New Delhi: After 37 people were killed and 31 others injured when a train rammed into a bus at an unmanned crossing in Uttar Pradesh in the wee hours on Thursday, the seriousness of the state and the Central government on this issue has been questioned again.

In spite of over 100 deaths due to the unmanned crossing, the Railways, Public Works Department (State Highway) Ministry of the State government are yet to come out of their slumber. As a result, the mishaps at unmanned crossing are increasing manifold.

Former Railway Minister Mamata Banerjee had promised to appoint guards for 15, 993 unmanned crossing across the nation in 2011-12. However, the promise is yet to be fulfilled.

However, the presence of a Guard at unmanned crossing is not a guarantee to prevent the mishaps. The recent mishap in the crossing at Greater Noida occurred in the presence of a guard. The Motor Vehicle Act clearly mentions the procedure to be followed while passing through an unmanned railway crossing. However, the vehicle owners often tend to ignore the rules and warnings.

A major reason behind not following the stipulated guidelines is the lower literacy rates among majority of the vehicle drivers. Most of the drivers do not receive any formal training, therefore they are unaware about the norms mentioned in the Motor Vehicle Act.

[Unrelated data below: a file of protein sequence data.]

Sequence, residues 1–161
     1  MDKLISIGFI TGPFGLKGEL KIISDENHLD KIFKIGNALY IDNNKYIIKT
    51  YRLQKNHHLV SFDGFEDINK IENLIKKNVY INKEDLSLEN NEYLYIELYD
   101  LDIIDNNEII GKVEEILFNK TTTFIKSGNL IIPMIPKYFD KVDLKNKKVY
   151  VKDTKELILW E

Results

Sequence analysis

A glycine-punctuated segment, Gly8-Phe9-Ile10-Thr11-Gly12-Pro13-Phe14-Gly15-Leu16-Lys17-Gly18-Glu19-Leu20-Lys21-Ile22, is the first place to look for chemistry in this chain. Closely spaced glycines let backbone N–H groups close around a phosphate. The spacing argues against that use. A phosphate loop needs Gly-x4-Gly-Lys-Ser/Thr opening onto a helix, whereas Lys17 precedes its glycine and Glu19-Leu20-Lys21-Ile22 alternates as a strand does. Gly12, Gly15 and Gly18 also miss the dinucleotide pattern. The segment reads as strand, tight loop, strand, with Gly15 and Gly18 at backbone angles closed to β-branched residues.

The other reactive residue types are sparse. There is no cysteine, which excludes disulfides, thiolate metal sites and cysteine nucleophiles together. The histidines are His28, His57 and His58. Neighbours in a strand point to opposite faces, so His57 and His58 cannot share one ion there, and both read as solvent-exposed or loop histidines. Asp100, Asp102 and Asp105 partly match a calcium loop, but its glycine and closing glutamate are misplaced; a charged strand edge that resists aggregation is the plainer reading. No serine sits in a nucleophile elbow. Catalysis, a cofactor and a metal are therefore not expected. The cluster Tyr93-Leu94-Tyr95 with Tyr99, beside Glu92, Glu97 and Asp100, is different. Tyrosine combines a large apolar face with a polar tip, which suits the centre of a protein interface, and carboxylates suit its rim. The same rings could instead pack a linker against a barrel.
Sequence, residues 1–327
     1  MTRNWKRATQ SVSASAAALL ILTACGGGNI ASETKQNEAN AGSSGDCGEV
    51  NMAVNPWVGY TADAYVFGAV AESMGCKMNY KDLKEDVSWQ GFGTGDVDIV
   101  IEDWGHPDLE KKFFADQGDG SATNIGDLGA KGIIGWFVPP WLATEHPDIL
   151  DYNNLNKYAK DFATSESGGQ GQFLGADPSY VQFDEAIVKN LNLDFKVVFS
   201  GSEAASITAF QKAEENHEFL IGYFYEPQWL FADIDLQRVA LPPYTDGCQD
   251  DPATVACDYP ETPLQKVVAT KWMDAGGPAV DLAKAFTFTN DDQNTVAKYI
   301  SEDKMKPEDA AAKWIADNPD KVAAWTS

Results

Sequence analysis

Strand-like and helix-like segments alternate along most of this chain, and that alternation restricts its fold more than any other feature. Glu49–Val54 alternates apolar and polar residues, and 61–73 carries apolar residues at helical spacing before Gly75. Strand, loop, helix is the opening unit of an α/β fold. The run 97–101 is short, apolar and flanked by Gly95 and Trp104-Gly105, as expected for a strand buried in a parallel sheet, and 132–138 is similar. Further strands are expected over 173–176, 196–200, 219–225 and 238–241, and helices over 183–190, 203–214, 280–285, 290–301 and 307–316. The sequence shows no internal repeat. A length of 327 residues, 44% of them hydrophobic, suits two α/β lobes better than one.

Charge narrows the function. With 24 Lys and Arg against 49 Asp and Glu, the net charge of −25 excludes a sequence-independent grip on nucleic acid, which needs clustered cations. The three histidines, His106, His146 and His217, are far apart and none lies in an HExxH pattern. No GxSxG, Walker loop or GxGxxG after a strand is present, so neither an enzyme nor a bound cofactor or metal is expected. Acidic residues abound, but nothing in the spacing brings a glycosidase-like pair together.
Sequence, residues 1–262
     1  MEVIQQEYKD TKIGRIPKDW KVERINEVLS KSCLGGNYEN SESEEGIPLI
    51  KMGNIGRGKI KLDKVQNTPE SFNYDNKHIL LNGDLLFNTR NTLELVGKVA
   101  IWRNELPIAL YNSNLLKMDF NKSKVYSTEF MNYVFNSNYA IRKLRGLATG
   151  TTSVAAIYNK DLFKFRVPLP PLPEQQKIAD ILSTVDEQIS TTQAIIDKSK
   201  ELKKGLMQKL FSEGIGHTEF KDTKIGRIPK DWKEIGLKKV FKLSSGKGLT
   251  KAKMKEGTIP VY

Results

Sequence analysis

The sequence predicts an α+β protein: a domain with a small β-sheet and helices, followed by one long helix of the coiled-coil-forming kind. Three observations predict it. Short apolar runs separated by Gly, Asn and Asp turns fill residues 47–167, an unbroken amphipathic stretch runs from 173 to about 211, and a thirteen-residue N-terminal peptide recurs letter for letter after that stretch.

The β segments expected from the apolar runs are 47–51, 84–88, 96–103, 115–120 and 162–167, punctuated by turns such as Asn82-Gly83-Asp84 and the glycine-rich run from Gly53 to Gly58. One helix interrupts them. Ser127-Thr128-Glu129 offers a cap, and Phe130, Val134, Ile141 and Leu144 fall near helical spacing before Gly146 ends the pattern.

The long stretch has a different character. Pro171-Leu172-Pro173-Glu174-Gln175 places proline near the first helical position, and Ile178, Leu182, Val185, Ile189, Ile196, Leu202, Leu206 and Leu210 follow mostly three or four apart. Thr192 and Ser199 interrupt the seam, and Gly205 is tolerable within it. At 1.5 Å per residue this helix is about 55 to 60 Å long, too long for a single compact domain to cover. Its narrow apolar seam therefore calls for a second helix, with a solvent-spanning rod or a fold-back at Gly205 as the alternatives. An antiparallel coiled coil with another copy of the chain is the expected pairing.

In such cases, it is the responsibility of the RTO and local police administration to apprise the drivers of the laws.

Therefore, Central Ministry and local administration should jointly conduct awareness campaigns for drivers. At present, Railways is the only department to conduct such campaigns, whereas other departments are yet to wake up on the issue.

Ministry of Road, Surface and Transport and the state administration are yet to initiate any action in this regard.

The Railways Department believes that the construction of the over-bridges is neither possible nor logical at each crossing, as it would be unable to bear financial burden alone. Therefore over-bridges were constructed on crossing of routes which had a heavy traffic movement.